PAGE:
-1/4 cup chopped roasted piquillo peppers (or roasted red bell peppers)

-about 2 ounces feta, crumbled (I used a sheep’s milk feta)

– 1/3 cup panko crumbs

– 6 ounces dried penne pasta

Heat the oven to 400. Separate the cauliflower head into small florets, cutting the stems and bigger florets into bite sized pieces. Toss with just enough olive oil to lightly coat, spread the florets out onto a big baking sheet and roast until the bottoms and edges start to brown, about 20 minutes. stir the cauliflower once to make sure the bottom isn’t browning to quickly, but otherwise leave it alone.

Meanwhile, begin to bring a pot of salted water for the pasta to a boil.

Get the olives, peppers and feta ready to go; if the olives have pits, smash the olive on a cutting board with the bottom of a glass or the flat side of a knife blade. The pit will be loosened and the olive will be easy to chop.

In a large saute pan, pour about a tablespoon of olive oil over low heat; add the crushed green peppercorns, anchovy paste, and garlic paste and allow the garlic to just cook through. Stir once in a while to keep the garlic from sticking and burning.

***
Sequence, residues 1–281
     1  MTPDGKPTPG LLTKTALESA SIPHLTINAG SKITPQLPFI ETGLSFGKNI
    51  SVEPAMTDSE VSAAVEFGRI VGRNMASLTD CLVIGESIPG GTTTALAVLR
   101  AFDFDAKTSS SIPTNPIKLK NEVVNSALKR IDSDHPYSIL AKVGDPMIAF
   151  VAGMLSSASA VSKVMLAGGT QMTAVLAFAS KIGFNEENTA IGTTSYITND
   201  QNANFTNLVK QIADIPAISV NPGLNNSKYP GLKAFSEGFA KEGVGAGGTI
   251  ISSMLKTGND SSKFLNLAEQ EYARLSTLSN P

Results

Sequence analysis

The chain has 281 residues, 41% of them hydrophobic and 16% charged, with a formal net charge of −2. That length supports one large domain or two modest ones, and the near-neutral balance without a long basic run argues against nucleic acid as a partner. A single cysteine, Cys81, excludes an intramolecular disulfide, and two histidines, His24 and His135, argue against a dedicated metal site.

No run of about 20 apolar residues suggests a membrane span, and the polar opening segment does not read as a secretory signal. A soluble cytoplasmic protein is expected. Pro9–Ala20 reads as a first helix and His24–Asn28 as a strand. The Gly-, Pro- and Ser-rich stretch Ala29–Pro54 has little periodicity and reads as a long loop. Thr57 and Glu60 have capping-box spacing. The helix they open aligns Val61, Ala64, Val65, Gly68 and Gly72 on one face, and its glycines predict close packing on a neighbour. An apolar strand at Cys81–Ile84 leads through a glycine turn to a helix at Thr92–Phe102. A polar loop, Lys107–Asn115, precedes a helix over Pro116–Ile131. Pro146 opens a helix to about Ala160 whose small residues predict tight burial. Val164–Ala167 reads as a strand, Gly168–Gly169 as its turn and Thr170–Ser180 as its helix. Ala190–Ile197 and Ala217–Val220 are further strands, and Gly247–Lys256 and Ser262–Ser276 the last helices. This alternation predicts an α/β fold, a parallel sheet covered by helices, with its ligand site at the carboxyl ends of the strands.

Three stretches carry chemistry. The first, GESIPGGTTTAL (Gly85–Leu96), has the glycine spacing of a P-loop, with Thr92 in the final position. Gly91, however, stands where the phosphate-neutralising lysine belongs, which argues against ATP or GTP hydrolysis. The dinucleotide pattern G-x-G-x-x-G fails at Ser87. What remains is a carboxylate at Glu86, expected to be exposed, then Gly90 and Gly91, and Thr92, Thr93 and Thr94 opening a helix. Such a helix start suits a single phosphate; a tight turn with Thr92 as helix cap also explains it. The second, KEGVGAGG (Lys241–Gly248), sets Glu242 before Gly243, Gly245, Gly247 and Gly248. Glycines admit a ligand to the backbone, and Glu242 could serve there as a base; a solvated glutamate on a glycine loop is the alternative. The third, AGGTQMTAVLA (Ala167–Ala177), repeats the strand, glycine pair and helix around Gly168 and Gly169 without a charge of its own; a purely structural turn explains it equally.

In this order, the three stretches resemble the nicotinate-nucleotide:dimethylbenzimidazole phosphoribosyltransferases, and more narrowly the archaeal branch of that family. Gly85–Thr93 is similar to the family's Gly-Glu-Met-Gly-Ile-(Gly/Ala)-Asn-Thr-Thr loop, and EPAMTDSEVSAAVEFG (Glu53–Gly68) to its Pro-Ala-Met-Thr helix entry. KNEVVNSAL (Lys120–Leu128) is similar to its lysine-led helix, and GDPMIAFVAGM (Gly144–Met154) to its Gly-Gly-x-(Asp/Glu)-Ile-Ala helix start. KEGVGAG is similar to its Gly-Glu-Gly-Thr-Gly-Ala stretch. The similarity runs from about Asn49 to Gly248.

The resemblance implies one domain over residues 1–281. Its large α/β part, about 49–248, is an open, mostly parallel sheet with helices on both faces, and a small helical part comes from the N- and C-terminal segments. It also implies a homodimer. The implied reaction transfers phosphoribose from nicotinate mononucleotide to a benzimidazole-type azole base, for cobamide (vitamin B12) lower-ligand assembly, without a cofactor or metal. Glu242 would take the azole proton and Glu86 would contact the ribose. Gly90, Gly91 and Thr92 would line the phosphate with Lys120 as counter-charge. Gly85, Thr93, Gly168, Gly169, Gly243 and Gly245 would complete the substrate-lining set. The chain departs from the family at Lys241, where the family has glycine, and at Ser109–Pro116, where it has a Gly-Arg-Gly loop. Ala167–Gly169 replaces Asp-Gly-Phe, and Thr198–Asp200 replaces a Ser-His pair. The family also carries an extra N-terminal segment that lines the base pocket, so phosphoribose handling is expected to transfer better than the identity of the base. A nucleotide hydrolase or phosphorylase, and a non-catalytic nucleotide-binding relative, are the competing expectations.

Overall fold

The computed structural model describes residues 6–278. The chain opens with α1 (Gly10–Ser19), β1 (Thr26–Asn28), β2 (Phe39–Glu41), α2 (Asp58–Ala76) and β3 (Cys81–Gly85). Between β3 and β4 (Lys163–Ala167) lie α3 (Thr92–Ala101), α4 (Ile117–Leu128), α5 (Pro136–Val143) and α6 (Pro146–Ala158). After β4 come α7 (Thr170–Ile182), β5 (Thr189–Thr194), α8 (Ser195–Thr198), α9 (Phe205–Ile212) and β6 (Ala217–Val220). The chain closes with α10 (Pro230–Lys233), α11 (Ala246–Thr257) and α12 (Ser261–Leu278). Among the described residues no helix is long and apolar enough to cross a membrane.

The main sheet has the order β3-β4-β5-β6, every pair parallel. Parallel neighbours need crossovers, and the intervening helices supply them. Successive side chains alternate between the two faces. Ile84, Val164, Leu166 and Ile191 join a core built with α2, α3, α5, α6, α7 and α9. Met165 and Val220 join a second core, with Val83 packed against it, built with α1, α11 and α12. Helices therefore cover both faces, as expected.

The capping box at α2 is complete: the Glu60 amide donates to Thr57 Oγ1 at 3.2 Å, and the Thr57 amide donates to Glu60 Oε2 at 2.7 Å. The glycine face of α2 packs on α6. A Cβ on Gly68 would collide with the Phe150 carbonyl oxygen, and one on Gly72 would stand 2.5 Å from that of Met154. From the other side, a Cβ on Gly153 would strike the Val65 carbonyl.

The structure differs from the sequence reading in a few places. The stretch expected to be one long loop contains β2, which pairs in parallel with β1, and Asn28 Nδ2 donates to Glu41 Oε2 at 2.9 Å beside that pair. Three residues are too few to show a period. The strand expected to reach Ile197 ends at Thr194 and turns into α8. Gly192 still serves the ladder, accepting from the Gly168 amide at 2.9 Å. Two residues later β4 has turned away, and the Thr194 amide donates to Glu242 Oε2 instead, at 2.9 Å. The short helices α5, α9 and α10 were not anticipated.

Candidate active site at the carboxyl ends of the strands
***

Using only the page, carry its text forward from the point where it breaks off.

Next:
Toss the panko crumbs with a little olive oil and toast the crumbs, either in a skillet on the stove or in the oven. Keep and eye on it; the oil makes it brown quickly.

Cook the pasta; since it usually takes about 10 minutes, give or take, start it a little after halfway through the cauliflower’s cooking time.

Remove the cauliflower from the oven and add it to the pan with the garlic. Gently stir to infuse the cauliflower with the garlic mixture, then mix in the peppers, feta, and olives. scoop the very lightly drained pasta into the saute pan with the cauliflower mixture. That splash of starchy water will keep the whole thing moist without watering the flavor down.

Toss the crumbs through the pasta just before serving. Finish with a little drizzle of fragrant olive oil.

*Brined green peppercorns come in a jar and look very similar to capers. They are pungent and have a lemony pepper taste that is great with a wine sauce on fish or chicken or in a creamy vegetable dip. Their flavor is midway between black and white peppercorns. In the brine, they keep indefinitely.